Judge Elena Kagan wrote to the court that federal immigration law prohibits people who entered the country illegally and now have temporary protected status from applying for “green cards” to stay in the country permanently.
The designation applies to people who come from countries devastated by war or disaster. It protects them from deportation and allows them to work legally. There are 400,000 people from 12 countries with TPS status.
The outcome of a case involving a couple from El Salvador who have been in the United States since the early 1990s focused on whether people who entered the country illegally and received humanitarian protection were ever “admitted” to the United States. United States under immigration law.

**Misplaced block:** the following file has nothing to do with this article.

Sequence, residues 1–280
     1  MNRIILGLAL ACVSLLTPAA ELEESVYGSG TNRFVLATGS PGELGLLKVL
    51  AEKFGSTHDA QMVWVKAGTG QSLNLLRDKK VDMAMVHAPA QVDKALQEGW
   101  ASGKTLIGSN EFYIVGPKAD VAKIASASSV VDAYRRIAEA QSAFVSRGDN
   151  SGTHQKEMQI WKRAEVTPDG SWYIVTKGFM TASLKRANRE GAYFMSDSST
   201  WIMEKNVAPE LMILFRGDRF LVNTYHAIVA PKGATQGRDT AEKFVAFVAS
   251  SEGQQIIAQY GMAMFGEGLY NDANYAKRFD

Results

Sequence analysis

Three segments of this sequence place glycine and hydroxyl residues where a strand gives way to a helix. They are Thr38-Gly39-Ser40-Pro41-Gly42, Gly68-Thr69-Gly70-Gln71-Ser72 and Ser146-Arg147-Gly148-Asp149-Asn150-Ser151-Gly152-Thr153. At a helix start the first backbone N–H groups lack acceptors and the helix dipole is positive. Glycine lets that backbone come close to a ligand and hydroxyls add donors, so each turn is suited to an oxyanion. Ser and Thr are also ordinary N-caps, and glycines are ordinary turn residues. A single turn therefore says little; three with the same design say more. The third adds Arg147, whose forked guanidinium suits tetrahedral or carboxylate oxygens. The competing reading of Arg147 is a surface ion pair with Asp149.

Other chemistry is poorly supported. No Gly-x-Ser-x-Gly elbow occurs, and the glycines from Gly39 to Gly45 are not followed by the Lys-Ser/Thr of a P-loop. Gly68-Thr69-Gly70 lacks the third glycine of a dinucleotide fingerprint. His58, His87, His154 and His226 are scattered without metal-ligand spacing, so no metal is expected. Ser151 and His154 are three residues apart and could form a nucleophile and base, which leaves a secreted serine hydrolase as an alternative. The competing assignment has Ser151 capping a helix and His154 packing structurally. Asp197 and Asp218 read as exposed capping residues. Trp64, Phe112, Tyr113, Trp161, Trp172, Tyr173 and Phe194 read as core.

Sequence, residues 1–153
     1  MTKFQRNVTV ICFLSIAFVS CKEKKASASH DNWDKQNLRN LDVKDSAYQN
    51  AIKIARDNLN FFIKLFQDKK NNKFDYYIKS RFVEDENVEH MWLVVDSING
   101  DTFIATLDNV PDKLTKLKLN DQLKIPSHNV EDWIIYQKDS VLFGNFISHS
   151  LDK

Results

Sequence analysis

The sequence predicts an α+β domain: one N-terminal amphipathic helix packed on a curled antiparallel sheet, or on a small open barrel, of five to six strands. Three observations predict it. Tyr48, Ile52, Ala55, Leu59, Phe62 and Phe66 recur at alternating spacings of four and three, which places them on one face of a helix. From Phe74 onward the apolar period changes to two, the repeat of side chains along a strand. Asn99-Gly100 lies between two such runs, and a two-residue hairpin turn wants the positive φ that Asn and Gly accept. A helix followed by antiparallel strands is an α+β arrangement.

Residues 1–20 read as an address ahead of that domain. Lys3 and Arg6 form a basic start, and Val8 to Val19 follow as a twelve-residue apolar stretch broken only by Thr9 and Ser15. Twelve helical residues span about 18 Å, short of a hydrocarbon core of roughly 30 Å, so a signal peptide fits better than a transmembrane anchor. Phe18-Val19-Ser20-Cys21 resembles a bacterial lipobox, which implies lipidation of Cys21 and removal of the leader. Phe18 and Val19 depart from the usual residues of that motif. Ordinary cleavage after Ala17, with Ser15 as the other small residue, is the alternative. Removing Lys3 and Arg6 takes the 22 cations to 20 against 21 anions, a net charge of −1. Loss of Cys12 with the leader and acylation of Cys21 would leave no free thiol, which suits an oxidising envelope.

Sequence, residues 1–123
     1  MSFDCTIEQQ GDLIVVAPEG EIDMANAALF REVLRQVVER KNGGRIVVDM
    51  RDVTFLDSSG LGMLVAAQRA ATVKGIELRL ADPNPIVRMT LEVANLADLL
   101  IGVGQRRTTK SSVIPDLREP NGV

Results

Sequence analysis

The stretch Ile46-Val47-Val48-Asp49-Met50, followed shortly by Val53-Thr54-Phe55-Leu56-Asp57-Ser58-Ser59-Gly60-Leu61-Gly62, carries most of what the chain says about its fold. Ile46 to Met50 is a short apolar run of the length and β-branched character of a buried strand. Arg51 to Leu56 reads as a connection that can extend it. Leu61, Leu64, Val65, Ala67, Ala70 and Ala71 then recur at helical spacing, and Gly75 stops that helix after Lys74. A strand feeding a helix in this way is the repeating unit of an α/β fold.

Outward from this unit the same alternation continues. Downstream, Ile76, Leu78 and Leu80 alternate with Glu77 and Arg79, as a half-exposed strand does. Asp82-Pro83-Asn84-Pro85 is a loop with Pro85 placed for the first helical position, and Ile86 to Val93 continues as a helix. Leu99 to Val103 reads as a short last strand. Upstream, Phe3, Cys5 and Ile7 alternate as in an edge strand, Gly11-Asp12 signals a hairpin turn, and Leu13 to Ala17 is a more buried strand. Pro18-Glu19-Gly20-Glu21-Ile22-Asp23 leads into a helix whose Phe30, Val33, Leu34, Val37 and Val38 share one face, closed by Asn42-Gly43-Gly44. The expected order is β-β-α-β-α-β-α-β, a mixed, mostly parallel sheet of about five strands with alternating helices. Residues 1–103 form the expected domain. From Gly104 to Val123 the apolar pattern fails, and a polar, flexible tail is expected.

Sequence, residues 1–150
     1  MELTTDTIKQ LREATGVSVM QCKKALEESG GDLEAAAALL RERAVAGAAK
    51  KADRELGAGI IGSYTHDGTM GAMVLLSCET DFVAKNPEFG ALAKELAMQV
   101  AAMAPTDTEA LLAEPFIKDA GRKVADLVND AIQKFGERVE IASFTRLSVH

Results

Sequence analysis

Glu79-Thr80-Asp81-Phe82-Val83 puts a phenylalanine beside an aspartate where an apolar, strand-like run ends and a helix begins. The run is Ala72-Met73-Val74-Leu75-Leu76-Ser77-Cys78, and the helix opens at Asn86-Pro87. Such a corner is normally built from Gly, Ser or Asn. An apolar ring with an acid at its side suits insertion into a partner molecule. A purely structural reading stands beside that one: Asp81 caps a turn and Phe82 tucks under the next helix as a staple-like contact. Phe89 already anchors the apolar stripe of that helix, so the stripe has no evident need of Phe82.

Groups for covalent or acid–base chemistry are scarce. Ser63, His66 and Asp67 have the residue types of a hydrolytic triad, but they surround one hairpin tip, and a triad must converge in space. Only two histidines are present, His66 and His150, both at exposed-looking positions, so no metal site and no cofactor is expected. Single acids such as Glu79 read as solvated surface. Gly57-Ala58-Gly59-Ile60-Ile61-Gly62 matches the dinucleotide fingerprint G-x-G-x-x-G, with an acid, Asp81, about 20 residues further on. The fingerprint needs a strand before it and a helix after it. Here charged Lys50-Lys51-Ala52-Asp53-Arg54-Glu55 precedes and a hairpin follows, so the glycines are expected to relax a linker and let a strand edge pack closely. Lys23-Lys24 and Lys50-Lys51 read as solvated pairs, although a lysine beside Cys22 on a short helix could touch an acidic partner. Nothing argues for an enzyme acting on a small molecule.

Kagan wrote that they were not. “The TPS program grants foreigners nonimmigrant status, but does not admit them. Therefore, granting TPS does not make an illegal participant … eligible” for a green card, he wrote.
The House of Representatives has already passed legislation that would make it possible for TPS recipients to become permanent residents, Kagan said. The bill faces uncertain prospects in the Senate.
The case pitted the Biden administration against immigrant groups who argued that many people who came to the United States for humanitarian reasons have lived in the country for many years, have given birth to American citizens, and have taken root in the United States.
In 2001, the United States granted Salvadoran migrants legal protection to remain in the United States after a series of earthquakes in their home country.
People from 11 other countries are equally protected. They are: Haiti, Honduras, Myanmar, Nepal, Nicaragua, Somalia, South Sudan, Sudan, Syria, Venezuela and Yemen.